The weather has been strange this year, with more rain falling here since Christmas than you could experience on a long Irish weekend. It’s either something fairly terminal to do with the global warming or, just possibly, a situation caused by my own foolishness. A few months ago I finally installed an automatic drip system in the garden. It’s rained off and on ever since.
Whatever the cause of all the rain, the result is the same: more mosquitoes than ever. The town hall claims that they have been out spraying with some miracle product but, as anyone could tell them, if it’s available, it won’t work. You might kill the odd fritillary, causing the Green Party to swell its ranks to unseasonable levels; thus propelling ever more eccentric rules through Brussels and bringing down the World As We Know It. The mosquitoes, though, are impervious.
Anyway, the last few days have been hot, too hot to mess about with spraying.
The mosquitoes approach, whine briefly about your head for entirely dramatic reasons, and then settle on an exposed bit of skin. Fifteen minutes of itching being quite enough to keep one awake – anticipating the next bite.
I use a plug-in device called Fogo which more or less keeps them down, apart of course from the gung-ho types that thunder determinedly through the window, without a word of advice, and manage a quick meal before the cloud of blue gas whacks them. How bad it may be for humans is a question for another day, although it’s rumoured to be made out of the same stuff that Saddam was meant to be hiding in his umbrella tips. The dog has certainly developed a nasty cough and now sleeps upside-down on the ceiling.
This aromatic insecticide doesn’t stop flies though. Nothing, during daylight hours, stops flies. They seem to take over duty from the mosquitoes while managing, somehow, to be even more irritating. The mosquito, dispensing vile and fatal disease with every bite, at least has a point to it. You can look on it fondly as a kind of tax for the thousands of benefits of living in southern Spain. A shot of blood in payment for the good life. The fly though, has no reason at all. It doesn’t eat any of your spare bits, unless you happen to be seriously considering death. It just likes to sit on you and brush its feet. Which – as it must know - is very irritating. There is never two of them brushing away on your nose, always just the one. If you manage to flatten it, which takes reactions on a level with Schumacher’s, then the next one will come along and do duty. Why not two today in exchange for none tomorrow?
The Chinese are well known for killing flies with their trusty Mao-swats. Ten flies a day or a spot of re-education, was, I understand, the rule for many years. It must have been fun: ‘I saw it first, Mrs Lo’. Fly-swats are immensely satisfying things, after all, except for the mess they leave: and the fact that, until October, it’s Too Bloody Hot to go whacking away at flies…
There was once a rather graphic campaign about cleanliness in restaurants, which went something like ‘…and the fly lands on the food and regurgitates a small dollop of its stomach full of digestive enzymes onto the meat to liquefy it. It stamps the vomit well into its food before sucking up the resulting cocktail back inside with its proboscis. Bliss! Then it's your turn…’.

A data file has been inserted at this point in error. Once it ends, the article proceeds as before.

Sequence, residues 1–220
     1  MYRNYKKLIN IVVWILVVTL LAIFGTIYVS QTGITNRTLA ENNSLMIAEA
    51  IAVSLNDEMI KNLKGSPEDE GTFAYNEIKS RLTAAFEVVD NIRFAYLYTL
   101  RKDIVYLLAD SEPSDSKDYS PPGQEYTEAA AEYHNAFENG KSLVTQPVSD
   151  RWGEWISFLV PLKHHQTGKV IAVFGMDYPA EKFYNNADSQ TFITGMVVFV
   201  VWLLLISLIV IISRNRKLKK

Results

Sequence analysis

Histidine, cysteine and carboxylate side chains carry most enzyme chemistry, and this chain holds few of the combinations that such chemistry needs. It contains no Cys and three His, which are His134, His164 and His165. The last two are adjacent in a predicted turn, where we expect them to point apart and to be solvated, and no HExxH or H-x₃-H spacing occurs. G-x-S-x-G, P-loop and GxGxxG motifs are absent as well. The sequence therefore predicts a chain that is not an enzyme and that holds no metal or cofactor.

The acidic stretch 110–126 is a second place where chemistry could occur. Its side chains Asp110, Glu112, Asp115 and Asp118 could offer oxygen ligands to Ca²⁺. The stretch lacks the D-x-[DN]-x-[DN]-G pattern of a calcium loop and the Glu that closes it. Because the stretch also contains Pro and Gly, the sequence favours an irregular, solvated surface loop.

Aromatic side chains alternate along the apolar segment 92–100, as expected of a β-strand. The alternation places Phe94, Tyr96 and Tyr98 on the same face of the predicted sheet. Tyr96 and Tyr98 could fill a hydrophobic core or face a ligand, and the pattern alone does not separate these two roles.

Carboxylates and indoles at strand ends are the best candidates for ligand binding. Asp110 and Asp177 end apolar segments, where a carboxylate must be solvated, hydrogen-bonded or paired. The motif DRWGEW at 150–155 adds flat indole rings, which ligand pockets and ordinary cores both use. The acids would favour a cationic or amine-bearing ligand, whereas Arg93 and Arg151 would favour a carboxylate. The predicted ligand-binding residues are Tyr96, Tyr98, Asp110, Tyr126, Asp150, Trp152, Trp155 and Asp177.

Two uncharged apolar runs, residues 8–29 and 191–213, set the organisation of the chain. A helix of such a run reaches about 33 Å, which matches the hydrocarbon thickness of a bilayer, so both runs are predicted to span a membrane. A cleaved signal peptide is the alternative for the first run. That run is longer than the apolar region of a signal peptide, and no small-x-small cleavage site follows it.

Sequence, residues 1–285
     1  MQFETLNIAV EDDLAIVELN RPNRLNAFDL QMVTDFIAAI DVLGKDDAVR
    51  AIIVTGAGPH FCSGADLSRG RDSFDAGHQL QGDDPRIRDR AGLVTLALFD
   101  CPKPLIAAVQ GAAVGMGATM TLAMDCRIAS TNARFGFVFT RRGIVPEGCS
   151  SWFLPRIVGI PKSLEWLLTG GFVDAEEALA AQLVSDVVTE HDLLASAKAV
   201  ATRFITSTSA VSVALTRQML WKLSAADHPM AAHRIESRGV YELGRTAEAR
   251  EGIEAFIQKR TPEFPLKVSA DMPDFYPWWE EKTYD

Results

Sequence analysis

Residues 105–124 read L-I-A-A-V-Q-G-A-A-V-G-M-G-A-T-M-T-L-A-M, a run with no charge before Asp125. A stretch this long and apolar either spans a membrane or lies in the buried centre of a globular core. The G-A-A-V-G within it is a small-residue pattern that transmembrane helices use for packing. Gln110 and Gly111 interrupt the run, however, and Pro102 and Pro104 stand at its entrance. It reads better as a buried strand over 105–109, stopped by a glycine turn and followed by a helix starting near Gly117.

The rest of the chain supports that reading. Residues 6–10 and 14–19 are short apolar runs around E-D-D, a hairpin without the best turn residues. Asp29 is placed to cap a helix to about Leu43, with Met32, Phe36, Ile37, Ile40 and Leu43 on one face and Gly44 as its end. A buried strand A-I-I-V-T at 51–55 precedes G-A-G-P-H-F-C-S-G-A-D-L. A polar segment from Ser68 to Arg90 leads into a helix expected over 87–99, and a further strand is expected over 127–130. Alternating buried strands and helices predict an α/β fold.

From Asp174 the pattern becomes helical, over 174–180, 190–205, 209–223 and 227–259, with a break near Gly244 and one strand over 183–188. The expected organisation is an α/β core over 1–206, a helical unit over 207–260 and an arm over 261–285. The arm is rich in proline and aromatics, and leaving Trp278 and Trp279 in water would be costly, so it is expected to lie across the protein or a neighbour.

So the only thing to do is to wish upon a star, or rub a bottle with a genie in it. Please Mr Fairy, make all the flies go away. I don’t care about those beautiful creatures that rely for their survival on flies, like swallows, trout, lizards, frogs and fly-swat salesmen, it’ll be worth their passing into history just to see the flies go.
You have to be a bit careful with genies, of course. I saw a fellow yesterday who had had a run-in with one. He had obviously asked for gold. He was wearing two ear-rings, a heavy necklace, bracelets, rings, all made from gold, plus a Rolex watch. He was standing in front of me in the supermarket, bare-chested and with a rather droopy looking family. Perhaps he was happy, although his wife was staying carefully just out of reach. She had a slightly glazed look of approaching panic about her.
Flies are the most wretched of creatures. They are the Volkswagens of the insect world, boring, ubiquitous and charmless. I recently found a giant moth on the terrace, about three inches long, black and brown and with a death’s head design on the top of its thorax. This particular strain is the largest moth in Europe. If you pick one up, it will let out a tiny scream. I showed it to the children who were all captivated apart from one lout who kept a respectable distance and said, ‘does it bite?’. A moth? It sucks nectar down its long hollow tongue while flying in front of a flower (it weighs too much to settle). A few years ago, there was a ‘plague’ of these giant moths in some town in the interior of Almería. The newspaper write-up on the event was entitled ‘The curse of the monster flies’.
Flies in ancient times materialised from thin air. They popped into existence, jus’likethat. The Lord of the Flies, Beelzebub, another name for the devil, was responsible for them.
So I am getting tired… but I must wait until dark… and the arrival of the mosquitoes, the night-children.